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The Black Cowgirls of Southern California

Black Women in Sports

The Black Cowgirls of Southern California


Three local women bucking cowboy stereotypes are part of a lesser-known legacy of African-American horseriders in the West.

For Black History Month, Chanel Rhodes decided to give her horse — a brown-and-white spotted Tobiano named Lady — an experimental makeover. Dressed in jeans and a black shirt, Rhodes expertly crocheted tracks of brown and blonde extensions into Lady’s mane to create an “Afrocentric pony” look.

“I see all these people doing artsy things with horses,” Rhodes says. “I thought, what if I put a weave in my horse’s hair? What kind of reaction would I get?”

Rhodes posted a video of her project to Instagram. It was quickly shared through the equestrian community and landed her a guest spot on the “Young Black Equestrians” podcast, a program dedicated to equine culture with “an extra dose of melanin.” She soon began getting requests from other riders to create wig caps for their horses and her business venture, Mane Tresses, was born.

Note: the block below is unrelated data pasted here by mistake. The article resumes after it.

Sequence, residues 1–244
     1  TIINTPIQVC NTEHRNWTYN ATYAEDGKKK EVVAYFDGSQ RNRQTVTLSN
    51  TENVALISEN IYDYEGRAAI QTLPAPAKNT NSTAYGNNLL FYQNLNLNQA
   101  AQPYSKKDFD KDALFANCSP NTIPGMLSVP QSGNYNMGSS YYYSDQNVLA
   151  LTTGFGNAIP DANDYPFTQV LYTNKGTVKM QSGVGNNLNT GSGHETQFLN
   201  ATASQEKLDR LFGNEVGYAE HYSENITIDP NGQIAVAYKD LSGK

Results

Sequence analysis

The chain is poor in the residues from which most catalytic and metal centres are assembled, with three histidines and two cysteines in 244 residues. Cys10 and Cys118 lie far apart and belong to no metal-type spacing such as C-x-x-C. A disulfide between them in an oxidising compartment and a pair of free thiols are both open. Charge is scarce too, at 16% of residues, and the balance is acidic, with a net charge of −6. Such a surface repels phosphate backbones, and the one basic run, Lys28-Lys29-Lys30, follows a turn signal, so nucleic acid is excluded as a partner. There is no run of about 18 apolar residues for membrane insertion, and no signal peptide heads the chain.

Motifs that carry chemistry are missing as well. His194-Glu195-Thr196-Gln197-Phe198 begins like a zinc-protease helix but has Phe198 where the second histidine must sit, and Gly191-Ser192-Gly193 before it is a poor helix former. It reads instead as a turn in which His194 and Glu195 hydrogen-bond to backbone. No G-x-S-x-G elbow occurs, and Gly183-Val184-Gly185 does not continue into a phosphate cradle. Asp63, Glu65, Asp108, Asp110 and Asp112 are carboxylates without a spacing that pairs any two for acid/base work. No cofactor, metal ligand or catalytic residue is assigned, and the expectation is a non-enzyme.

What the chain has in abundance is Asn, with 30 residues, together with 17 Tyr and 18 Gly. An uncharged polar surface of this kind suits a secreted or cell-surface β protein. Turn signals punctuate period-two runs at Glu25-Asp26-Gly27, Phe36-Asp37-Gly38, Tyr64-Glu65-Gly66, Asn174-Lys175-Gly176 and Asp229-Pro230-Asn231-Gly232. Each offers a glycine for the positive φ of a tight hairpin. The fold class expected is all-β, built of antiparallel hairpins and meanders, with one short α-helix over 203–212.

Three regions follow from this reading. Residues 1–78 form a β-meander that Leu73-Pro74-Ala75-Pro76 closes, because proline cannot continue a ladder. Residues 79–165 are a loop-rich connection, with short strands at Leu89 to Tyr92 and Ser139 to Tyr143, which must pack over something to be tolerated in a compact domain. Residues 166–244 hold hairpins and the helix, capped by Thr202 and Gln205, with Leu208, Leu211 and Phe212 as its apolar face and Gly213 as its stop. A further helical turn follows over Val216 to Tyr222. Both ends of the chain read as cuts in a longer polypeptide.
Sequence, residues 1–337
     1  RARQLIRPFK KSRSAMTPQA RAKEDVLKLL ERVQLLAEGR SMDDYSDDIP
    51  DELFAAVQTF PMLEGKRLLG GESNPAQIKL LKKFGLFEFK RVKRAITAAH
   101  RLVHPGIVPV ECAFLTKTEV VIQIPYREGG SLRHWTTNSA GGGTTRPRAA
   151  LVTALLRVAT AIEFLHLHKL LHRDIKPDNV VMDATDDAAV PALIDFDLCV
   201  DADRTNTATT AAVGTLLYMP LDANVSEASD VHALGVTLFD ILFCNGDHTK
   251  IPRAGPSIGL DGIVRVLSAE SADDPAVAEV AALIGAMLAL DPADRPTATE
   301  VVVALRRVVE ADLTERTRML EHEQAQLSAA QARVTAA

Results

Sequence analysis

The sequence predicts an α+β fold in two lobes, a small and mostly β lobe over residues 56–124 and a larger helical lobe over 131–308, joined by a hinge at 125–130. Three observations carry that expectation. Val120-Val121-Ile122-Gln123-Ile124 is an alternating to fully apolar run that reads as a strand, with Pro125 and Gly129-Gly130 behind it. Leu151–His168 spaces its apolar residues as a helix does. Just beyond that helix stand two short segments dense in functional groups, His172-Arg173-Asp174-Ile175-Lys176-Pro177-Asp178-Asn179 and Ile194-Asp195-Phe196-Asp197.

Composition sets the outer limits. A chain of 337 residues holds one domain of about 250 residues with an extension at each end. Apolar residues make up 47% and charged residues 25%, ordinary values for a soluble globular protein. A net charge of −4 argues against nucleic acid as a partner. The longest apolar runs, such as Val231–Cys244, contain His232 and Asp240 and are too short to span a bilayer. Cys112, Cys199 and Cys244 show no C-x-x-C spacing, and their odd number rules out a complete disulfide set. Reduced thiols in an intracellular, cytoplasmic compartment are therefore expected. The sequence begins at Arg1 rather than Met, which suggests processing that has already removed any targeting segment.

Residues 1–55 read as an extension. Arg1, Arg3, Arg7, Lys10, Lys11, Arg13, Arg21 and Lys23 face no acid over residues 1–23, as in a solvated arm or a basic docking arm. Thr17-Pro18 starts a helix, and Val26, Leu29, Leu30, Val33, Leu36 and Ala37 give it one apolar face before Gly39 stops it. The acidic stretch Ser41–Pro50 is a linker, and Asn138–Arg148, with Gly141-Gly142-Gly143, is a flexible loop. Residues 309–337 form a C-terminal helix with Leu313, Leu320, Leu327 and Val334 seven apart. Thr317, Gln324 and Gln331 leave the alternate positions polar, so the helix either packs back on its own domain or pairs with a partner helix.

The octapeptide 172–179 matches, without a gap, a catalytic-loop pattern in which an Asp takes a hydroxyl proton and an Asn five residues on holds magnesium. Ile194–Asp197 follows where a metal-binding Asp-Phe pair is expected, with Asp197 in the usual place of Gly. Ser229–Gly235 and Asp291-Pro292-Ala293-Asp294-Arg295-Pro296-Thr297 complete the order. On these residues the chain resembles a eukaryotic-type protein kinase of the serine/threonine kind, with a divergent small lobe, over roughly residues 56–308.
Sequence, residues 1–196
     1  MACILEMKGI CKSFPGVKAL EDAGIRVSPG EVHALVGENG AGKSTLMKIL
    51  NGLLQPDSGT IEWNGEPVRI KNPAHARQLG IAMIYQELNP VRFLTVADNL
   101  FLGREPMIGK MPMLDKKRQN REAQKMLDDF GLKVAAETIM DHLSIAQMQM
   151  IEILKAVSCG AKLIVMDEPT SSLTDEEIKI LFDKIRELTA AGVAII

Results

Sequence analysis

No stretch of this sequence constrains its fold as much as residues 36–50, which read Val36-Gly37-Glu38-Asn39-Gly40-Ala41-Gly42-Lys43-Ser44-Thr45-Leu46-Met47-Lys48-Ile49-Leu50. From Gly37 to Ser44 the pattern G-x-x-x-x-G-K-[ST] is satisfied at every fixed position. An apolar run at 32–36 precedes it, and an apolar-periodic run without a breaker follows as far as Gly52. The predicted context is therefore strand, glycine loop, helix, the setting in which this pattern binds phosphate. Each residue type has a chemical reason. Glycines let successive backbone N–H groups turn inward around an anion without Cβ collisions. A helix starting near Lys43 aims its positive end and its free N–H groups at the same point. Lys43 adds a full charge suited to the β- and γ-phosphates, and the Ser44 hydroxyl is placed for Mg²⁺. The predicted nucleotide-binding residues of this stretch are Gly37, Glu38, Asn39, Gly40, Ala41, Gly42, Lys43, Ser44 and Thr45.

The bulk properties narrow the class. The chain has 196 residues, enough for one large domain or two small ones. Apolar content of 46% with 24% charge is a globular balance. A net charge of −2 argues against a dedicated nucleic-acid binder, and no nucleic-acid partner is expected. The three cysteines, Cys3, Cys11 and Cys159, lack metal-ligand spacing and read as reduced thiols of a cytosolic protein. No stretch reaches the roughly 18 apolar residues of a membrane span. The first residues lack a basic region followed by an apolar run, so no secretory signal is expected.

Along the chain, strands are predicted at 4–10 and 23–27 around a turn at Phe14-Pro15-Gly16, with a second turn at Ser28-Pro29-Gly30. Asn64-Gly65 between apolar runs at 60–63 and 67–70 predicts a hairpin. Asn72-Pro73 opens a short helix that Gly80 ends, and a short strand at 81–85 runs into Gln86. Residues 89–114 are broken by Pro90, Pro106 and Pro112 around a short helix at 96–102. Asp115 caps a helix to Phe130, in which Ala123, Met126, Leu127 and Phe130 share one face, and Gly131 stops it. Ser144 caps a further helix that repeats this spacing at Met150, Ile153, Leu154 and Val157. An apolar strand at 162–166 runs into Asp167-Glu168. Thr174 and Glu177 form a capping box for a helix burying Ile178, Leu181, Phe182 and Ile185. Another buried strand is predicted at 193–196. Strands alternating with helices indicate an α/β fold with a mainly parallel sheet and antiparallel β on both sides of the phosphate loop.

For Rhodes, horseback riding has been a life-long passion. “I never grew out of my pony phase,” she says on a sunny Saturday morning at the Rancho del Rio stables in Anaheim. “I was always obsessed…

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I am a future butterfly at the stage of growth when I am turning into an adult. I am enclosed in a hard case shell formed by love, family, and friends. It is the hardest stage of becoming a black butterfly. You will encounter many hardships only to come out stronger and better than what you went in. At this stage, you are finding out who you truly are and how to love yourself.

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